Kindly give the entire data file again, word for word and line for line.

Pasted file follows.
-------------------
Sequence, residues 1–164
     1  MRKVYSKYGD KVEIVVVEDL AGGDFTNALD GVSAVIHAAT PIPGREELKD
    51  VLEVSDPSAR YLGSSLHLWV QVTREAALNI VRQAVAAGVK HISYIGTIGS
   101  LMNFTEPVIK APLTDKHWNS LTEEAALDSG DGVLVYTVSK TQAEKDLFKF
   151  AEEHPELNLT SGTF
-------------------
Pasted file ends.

Sequence, residues 1–164
     1  MRKVYSKYGD KVEIVVVEDL AGGDFTNALD GVSAVIHAAT PIPGREELKD
    51  VLEVSDPSAR YLGSSLHLWV QVTREAALNI VRQAVAAGVK HISYIGTIGS
   101  LMNFTEPVIK APLTDKHWNS LTEEAALDSG DGVLVYTVSK TQAEKDLFKF
   151  AEEHPELNLT SGTF